Author Topic: Buying Creditable Service State Pension System  (Read 2031 times)

rageth

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Buying Creditable Service State Pension System
« on: January 20, 2016, 03:05:33 PM »
Hi all,

I'm just wondering if anyone has had any experience with buying creditable service through their state pension system?  I a teacher in Wisconsin, and I've been looking at ways to retire earlier and I found that one can buy creditable service for their pension through the Wisconsin Retirement System Employee Trust Fund (WRS ETF).  Has anyone had any experience with this or something similar in another state?  Is it worth it?

I'm only 3 years into my teaching career but if I want ER to become a reality, I need to plan and create structures to make it a reality now.

Thanks!

Rural

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Re: Buying Creditable Service State Pension System
« Reply #1 on: January 20, 2016, 04:03:27 PM »
Hi all,

I'm just wondering if anyone has had any experience with buying creditable service through their state pension system?  I a teacher in Wisconsin, and I've been looking at ways to retire earlier and I found that one can buy creditable service for their pension through the Wisconsin Retirement System Employee Trust Fund (WRS ETF).  Has anyone had any experience with this or something similar in another state?  Is it worth it?

I'm only 3 years into my teaching career but if I want ER to become a reality, I need to plan and create structures to make it a reality now.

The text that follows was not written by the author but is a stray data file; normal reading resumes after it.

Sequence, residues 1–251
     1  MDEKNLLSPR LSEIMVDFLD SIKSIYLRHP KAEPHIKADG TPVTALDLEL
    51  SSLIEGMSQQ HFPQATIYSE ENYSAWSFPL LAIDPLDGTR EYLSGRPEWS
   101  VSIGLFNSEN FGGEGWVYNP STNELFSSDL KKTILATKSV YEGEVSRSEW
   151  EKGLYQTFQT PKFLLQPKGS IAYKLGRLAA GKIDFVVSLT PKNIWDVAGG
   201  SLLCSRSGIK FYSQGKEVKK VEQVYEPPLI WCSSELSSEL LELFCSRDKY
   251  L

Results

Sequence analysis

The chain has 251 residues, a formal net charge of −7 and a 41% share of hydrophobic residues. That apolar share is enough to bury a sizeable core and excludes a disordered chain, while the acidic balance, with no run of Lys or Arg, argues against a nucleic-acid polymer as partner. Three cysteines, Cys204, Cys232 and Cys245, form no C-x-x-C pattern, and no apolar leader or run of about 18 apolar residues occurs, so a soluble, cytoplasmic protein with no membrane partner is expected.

Thanks!


We may buy enough to get my husband vested in ours, but a couple of caveats here:


  • He's almost vested and the purchase would make the difference.
  • He's eligible for extremely cut rates because he can buy credit for years of active duty military service
  • We've set aside the money pretax in a 457 and can roll it over tax- and penalty-free because he's separated from service
  • He loses all the employer match and years of gains if he takes cash out instead
  • The state pension fund is in good shape
  • We still will not do it if he gets another pension-eligible position before the five-year window to purchase closes.

I would not pin my hopes on Wisconsin just now, but you can find out the details, How long to vest? Can you even use purchased years to get to vesting? What would it cost (roughly)? Can you find a way to use pretax money?


Then I'd have a long, hard look at the state of the pension fund. Then I still wouldn't do it until I was ready to leave.
« Last Edit: January 20, 2016, 04:06:42 PM by Rural »

mustachianteacher

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Re: Buying Creditable Service State Pension System
« Reply #2 on: January 21, 2016, 06:17:06 PM »
Fellow teacher here, and I've considered the same, but we are not allowed to use purchased credit to reach the vesting threshold. Definitely research that issue.

What about this? Work X years toward retirement while you diligently sock away your own money in a 403b or IRA, or both. As you near your retirement date, do the math on how much in annual income that purchase of an extra year (or more) would get you. Evaluate and decide.

Another option: Work X years toward retirement while you diligently sock away your own money in a 403b or IRA, or both. If your pension uses your age as a factor in determining your pension benefit (ours does), save up enough money that you can defer claiming your pension as long as possible. In my state, for example, waiting from age 55 to 60 without adding extra years of service results in a 36% increase in the pension benefit. So, if I stop working at 55 and just live off my savings until age 60, I am rewarded with a payout that is 36% higher than if I had claimed retirement at age 55. Amazing! It's like being rewarded for having my own savings, and it doesn't cost me a dime.